Home Global How Nigeria can benefit from Hajj economy, By Ahmad Muazu
Global - November 8, 2022

How Nigeria can benefit from Hajj economy, By Ahmad Muazu

 

 

 

In recent times, the cost of Hajj has risen globally generating billions of dollars.

 

Prior to introduction of modern system of transportation, Muslims outside the Arab region had little expectation of making this vital religious obligation

 

Before the mid 1950’s the number of international pilgrims rarely exceeded 100,000 and modern Saudi institutions were still developing, yet by the year 2000 the number of pilgrims had surpassed two million, reaching a peak of three million by 2012.

 

New opportunities for pilgrims in the jet age have put immense pressure on infrastructures and with the growing pressure, the Saudi government has to invest huge funds to improve the facilities and the overall management of Hajj.

 

Millions of pilgrims came to Makkah every year, bringing in billions of dollars to the Saudi restaurants, airlines, hotels, travel agents, mobile operators among other numerous businesses that benefit from the Hajj business eco system.

 

Benefits from taxes and revenue generation from pilgrims makes up to 31% of Saudi non-oil GDP; reaching approximately Eight billion dollars. This becomes the second source of income to the Saudi government after hydrocarbons and this figure does not includes sources from Umrah Operations.

 

In 2007, Umrah operations alone attracted 8 million pilgrims which generated $4 billion Us dollars for the kingdom’s economy. The vision 2030 targets 30 million pilgrims per year. According to Makkah chamber of Commerce, 25 to 30% of businesses in Makkah and Madina depend on pilgrims to survive.

 

 

In Nigeria, there is still little data on the impact of Hajj on the Nigerian Economy making it difficult to work out the impact. The Hajj organization in this country has a spill over to various sectors and various industries.

 

The Saudi government allocates quotas to countries based on the international organization of Islamic cooperation agreement allowing one thousand pilgrims per million of the Muslim population in each country, although there is flexibility in the distribution pattern – a good example is the Covid era.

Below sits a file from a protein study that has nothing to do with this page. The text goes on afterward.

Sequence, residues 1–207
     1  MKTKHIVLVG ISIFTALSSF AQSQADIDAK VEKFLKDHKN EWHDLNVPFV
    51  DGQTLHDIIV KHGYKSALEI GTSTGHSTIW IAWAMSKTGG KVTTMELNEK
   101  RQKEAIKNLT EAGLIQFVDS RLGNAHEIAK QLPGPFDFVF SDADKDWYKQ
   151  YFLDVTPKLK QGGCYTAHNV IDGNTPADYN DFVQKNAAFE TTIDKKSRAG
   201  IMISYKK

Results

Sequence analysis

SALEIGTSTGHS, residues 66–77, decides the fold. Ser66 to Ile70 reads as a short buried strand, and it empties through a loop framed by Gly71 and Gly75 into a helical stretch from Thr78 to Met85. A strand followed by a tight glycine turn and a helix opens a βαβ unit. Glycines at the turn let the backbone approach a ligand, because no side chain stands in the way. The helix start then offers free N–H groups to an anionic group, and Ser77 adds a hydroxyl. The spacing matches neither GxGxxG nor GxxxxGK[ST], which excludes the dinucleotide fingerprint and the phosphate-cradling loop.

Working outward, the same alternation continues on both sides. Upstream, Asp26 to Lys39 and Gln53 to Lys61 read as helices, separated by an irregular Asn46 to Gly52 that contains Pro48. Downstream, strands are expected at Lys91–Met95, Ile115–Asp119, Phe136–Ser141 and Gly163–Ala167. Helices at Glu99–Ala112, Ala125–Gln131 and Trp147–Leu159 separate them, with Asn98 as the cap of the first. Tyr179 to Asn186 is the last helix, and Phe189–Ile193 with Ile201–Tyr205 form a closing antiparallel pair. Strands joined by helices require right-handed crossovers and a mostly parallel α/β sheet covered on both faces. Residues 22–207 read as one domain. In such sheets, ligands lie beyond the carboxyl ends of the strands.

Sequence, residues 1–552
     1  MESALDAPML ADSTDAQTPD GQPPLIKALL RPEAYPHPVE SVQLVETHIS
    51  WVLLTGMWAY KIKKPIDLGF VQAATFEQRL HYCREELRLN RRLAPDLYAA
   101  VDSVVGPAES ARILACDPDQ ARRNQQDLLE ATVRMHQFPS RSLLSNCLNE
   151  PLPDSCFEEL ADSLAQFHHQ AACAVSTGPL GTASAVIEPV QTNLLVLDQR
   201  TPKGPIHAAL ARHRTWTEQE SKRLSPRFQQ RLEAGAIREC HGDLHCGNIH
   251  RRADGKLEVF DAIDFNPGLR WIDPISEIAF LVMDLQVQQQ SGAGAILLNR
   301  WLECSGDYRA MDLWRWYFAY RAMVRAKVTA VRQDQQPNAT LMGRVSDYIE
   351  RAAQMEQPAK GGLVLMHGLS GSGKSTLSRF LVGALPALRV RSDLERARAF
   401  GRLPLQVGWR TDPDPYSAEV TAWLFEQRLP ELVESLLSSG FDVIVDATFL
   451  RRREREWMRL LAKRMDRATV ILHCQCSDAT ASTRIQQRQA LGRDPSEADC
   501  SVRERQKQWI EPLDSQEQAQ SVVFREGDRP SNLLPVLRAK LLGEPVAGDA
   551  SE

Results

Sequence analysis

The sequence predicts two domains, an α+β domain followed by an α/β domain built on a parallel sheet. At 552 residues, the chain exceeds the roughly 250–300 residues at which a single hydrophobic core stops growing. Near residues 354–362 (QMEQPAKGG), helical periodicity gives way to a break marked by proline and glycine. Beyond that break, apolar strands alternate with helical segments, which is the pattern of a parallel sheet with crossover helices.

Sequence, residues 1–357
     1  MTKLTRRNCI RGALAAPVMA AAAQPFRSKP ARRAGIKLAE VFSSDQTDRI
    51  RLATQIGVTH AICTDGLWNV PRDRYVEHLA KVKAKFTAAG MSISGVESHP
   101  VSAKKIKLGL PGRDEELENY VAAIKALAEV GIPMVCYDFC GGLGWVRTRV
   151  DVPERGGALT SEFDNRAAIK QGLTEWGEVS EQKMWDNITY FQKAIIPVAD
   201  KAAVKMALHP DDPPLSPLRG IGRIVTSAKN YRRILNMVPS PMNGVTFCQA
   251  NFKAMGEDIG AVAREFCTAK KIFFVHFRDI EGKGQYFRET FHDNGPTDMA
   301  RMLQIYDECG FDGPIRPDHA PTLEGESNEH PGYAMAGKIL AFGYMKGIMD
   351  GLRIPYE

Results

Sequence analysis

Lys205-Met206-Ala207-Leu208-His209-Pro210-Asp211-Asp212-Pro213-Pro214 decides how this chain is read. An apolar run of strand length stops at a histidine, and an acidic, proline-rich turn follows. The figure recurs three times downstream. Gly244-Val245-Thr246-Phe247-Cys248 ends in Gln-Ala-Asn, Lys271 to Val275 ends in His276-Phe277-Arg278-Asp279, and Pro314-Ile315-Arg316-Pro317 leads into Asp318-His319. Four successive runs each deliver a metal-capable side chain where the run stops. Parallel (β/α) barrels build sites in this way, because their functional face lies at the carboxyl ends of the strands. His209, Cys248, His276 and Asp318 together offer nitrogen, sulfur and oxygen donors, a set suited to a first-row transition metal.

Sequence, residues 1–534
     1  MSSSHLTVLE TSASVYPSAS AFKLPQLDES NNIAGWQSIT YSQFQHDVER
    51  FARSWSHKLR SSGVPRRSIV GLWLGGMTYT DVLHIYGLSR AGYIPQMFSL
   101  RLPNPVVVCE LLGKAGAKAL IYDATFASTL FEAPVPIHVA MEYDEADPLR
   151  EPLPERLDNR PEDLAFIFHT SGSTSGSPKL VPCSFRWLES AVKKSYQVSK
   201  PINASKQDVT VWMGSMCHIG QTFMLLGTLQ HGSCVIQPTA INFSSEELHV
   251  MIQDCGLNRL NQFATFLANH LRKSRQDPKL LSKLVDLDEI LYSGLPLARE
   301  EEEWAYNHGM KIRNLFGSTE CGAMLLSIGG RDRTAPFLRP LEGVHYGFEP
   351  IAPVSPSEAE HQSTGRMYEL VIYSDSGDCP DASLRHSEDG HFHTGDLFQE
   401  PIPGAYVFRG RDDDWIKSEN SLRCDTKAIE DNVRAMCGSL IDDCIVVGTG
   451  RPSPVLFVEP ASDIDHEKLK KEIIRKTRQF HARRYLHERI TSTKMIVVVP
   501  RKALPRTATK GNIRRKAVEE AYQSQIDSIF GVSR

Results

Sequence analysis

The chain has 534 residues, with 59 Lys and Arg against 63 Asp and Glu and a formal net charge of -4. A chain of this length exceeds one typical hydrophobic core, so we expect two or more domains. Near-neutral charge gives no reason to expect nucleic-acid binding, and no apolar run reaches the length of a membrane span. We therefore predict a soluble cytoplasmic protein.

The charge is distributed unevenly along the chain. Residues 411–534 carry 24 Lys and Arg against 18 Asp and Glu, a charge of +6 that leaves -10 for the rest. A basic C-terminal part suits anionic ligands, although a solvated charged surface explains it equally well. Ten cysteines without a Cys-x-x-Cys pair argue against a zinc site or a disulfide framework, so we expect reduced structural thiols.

Muslims in Nigeria are privileged as they go hajj on demand, unlike Indonesians whose intending pilgrims has to be on queue for 7 to 20 years or even more before they could perform hajj. The hajj deposits made by those pilgrims are used to help reduce the cost of Hajj for the pilgrims. In the UK Hajj packages average around four thousand seven hundred and fifty pounds where umrah is ten thousand and fifty, the cost has increased in recent years.

 

The Nigerian Hajj Market is worth trillions in Naira, while the Saudi targets hajj revenue growth to $160 billion in 2020 and $267 billion in 2030. The hajj host country has so far invested over $50 billion to boost infrastructure and transport with the target of raking $150 Million from Hajj Sector, and the creation of 100,000 permanent jobs for their citizens.

 

As Nigeria looks towards diversification of its economy, there need to sway away from oil and explore other revenue generating sectors. In this case, Hajj and Umrah sector will be an avenue to explore because the number of people willing to travel to Saudi Arabia to perform hajj or Umrah are o the steady increase. If the infrastructures of supporting Hajj is be put in place, the spillover effect will be massive as revenue generation will soar and jobs will be created. Imagine the number of passports being done each year for the purpose of travelling to Saudi for Hajj and Umrah alone. There is an urgent need to undergo in-depth research on the contributions of hajj industry to the Nigerian economy.